Chercher in Nomôdos

13 juin 2011

Chr. Frank, "Master and Servant Law. Chartists, Trade Unions, Radical Lawyers and the Magistracy in England, 1840–1865", Ashgate, 2010

Information transmise par Fr. Audren:
Christopher Frank
Master and Servant Law
Chartists, Trade Unions, Radical Lawyers and the Magistracy in England, 1840–1865

Ashgate, March 2010, 294 p., ISBN:978-0-7546-6830-5, £65

Présentation éditeur
In recent years, social and legal historians have called into question the degree to which the labour that fuelled and sustained industrialization in England was actually ‘free’. The corpus of statutes known as master and servant law has been a focal point of interest: throughout the eighteenth and nineteenth centuries, at the behest of employers, mine owners, and manufacturers, Parliament regularly supplemented and updated the provisions of these statutes with new legislation which contained increasingly harsh sanctions for workers who left work, performed it poorly, or committed acts of misbehaviour. The statutes were characterized by a double standard of sanctions, which treated workers’ breach of contract as a criminal offence, but offered only civil remedies for the broken promises of employers. Surprisingly little scholarship has looked into resistance to the Master and Servant laws. This book examines the tactics, rhetoric and consequences of a sustained legal and political campaign by English and Welsh trade unions, Chartists, and a few radical solicitors against the penal sanctions of employment law during the mid-nineteenth century. By bringing together historical narratives that are all too frequently examined in isolation, Christopher Frank is able to draw new conclusions about the development of the English legal system, trade unionism and popular politics of the period.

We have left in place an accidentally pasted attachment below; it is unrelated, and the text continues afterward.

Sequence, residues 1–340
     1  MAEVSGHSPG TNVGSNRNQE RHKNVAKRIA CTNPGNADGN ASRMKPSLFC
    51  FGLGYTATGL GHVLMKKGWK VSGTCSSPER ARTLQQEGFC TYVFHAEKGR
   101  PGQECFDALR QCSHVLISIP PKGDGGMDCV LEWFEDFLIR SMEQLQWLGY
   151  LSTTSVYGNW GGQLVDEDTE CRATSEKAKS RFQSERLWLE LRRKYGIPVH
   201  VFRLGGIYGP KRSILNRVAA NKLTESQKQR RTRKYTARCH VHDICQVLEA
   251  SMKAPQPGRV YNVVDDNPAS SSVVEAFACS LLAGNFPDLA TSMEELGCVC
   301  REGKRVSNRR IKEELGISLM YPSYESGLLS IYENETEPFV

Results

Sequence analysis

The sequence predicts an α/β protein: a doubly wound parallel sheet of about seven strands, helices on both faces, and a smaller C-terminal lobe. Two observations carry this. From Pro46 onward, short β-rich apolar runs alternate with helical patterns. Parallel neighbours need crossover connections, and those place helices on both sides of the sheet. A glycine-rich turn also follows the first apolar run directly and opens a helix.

The author demonstrates how the use of imprisonment for breach of a labour contract under master and servant law, and its enforcement by local magistrates, played a significant role in shaping labour markets, disciplining workers and combating industrial action in many regions of England and Wales, and further into the British Empire. By combining social and legal history the book reveals the complex relationship between parliamentary legislation, its interpretation by the high courts, and its enforcement by local officials. This work marks an important contribution to legal history, Chartist scholarship and to the social history of the nineteenth century more broadly.

Introduction: 'constitutional law versus justices' justice'; The introduction of the 1844 Master and Servant Bill: 'the statutes relating to master and servant are nearly useless'; The defeat of the 1844 Master and Servant Bill: 'triumph for labour! … the damnable Bill crushed'; Trade union legal challenges to master and servant prosecutions: 'the value of law when honestly administered'; The Warrington cases, 1846–1847: 'he might almost as well be without trial'; Trades of Sheffield against Dr Wilson Overend, 1842–1847: 'I hope his prescriptions are better than his law'; The reform of magistrates' summary jurisdiction, 1843–1854: 'the imperious necessity of affording greater protection to justices'; The trades of Staffordshire against T. B. Rose, 1842–1851:'let them but one of them come before me and I'll commit him' ; Conclusion: 'We certainly ought not to let a mere technical slip … decide such a case'; Appendix; Bibliography; Index.
Dr Christopher Frank is Assistant Professor in History at the University of Manitoba, Canada.

This title is also available as an ebook, ISBN 978-0-7546-9480-9

Extracts (Ashgate):